Bureaucracy is a lot about reading, learning and writing. The main difference is that at work, the deadlines are tighter and documents must be shorter and more to the point than academic papers, says adviser Gry Asp Solstad at the Ministry of the Environment.

Gry Asp Solstad

- Describe the most important tasks you have in your job today

- I work with The Government of Norway's International Climate and Forest Initiative at the Ministry. My tasks are mainly related to following up a UN programme - the UN-REDD Programme - and our support to the civil society which is administrated through Norad. I also have some tasks related to our support to Latin-American countries.

- More concretely, this means attending meetings, reading documents and work plans, writing e-mails, et cetera. I also prepare background papers for the Minister of the Environment, and draft texts to budget resolutions and write papers.

- What do you like most about your job?

- I am almost never bored at work. I am very privileged to work with an issue that is so highly prioritized and that is still being developed on the global arena, and that is so exciting and relevant for my education. I also have very nice colleagues.

- How is the education from The Faculty of Humanities relevant in this job?

- The issue of climate and forests, REDD+,  links environment and development - and this inter-linkage was at the core of my education at Center for Development and the Environment (SUM), which was also an interdisciplinary education. I think that gives me an intuitive understanding of most of the issues that we work with, from biological diversity to inclusion of stakeholders.

- I also work to some extent with Latin-America, and therefore get to use the Spanish that I learned through my bachelor in Latin American Studies at the University of Bergen.  Working and studying are not very different activities. Bureaucracy is a lot about reading documents, learning and writing. The main difference is that at work, the deadlines are tighter and documents must be shorter and more to the point than academic papers.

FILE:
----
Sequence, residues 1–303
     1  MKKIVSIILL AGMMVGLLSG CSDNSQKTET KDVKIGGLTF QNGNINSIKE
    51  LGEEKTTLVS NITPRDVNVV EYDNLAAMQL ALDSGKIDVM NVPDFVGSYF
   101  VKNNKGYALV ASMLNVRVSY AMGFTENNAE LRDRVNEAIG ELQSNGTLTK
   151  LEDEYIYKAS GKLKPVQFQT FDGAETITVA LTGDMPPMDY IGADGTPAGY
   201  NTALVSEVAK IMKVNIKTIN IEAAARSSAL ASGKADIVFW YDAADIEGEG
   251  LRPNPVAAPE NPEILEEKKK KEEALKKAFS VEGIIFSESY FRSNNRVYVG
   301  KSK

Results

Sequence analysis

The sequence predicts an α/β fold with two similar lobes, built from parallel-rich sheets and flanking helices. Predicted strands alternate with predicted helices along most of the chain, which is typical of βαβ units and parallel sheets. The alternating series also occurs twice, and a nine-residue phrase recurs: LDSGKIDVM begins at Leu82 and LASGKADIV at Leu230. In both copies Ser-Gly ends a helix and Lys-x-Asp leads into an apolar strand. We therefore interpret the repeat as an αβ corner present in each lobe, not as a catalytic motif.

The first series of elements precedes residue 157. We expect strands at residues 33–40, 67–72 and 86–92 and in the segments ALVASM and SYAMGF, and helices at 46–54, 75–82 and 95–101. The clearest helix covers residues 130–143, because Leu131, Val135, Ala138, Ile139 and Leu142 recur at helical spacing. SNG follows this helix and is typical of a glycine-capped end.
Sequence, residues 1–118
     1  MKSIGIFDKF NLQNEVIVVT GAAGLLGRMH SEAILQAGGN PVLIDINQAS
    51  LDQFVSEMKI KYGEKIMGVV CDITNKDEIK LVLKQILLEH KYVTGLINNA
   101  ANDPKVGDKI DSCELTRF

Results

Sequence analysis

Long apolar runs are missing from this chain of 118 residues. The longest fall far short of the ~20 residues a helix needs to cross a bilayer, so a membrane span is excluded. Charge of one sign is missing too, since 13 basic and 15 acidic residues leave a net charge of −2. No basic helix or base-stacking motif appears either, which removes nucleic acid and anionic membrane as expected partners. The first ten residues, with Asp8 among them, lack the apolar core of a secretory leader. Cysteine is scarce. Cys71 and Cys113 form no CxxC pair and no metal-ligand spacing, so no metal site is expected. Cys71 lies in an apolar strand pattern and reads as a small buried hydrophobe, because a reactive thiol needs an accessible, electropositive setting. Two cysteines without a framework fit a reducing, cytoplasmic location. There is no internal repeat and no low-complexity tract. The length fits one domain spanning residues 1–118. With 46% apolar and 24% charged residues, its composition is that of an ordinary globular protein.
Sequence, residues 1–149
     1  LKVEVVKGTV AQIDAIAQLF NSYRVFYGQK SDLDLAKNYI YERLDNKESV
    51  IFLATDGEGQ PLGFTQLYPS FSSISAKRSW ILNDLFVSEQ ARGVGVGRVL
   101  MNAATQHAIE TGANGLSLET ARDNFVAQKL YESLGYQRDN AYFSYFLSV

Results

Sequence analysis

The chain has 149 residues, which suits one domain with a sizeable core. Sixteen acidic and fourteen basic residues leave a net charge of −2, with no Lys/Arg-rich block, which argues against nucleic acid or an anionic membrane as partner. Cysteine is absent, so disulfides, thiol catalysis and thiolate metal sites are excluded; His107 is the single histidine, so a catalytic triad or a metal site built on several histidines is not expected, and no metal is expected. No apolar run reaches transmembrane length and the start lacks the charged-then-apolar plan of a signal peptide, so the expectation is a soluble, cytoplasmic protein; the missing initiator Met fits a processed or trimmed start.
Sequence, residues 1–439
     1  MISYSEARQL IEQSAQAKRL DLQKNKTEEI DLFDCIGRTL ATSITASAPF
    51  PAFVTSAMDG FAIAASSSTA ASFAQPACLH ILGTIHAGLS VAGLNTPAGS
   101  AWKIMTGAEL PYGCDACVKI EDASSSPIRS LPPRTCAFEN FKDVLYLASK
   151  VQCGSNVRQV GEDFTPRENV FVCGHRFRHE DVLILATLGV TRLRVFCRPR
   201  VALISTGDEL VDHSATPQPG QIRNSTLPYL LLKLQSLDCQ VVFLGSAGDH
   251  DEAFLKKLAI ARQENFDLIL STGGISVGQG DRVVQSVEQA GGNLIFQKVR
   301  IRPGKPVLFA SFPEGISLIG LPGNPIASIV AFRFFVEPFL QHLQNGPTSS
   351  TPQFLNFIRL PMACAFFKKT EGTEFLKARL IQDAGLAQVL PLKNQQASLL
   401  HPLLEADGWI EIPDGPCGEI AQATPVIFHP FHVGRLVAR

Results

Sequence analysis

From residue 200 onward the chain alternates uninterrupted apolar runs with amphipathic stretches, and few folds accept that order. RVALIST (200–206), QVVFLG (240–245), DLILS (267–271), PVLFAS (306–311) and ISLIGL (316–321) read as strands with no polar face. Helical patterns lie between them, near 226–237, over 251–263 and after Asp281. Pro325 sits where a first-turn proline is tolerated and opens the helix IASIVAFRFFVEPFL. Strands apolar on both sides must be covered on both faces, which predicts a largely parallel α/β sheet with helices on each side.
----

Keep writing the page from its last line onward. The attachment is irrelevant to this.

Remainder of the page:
- Your best tip for new students who are thinking about job opportunities after graduation?

- Do not worry too much about getting a job! I spent a lot of time worrying about the future and the relevance of my studies, when I should have been enjoying myself - which I also did a lot though. However, it may be wise to explore all the possibilities that you have for an education as early as possible, in relation to your interests – maybe there are possibilities that you do not know about.

- There are also many possibilities for applying as an intern at a Norwegian Embassy or in an international organization, which I think is a good opportunity to travel and learn at the same time. I also think that when looking for your first job it could be important to remember that all experiences are learning possibilities. My first work experience was as a student counselor at SUM, which was the best possible introduction to professional life I could have had. Finally, I think that the University could do even more to prepare students for their professional life, such as oral presentations, group work, shorter assignments and deadlines, et cetera – although that may have changed in the five years that have passed since I graduated.

By Torunn Nyland, Career and Employability Coordinator HF
Published Mar. 13, 2012 9:15 AM - Last modified Mar. 17, 2017 2:07 PM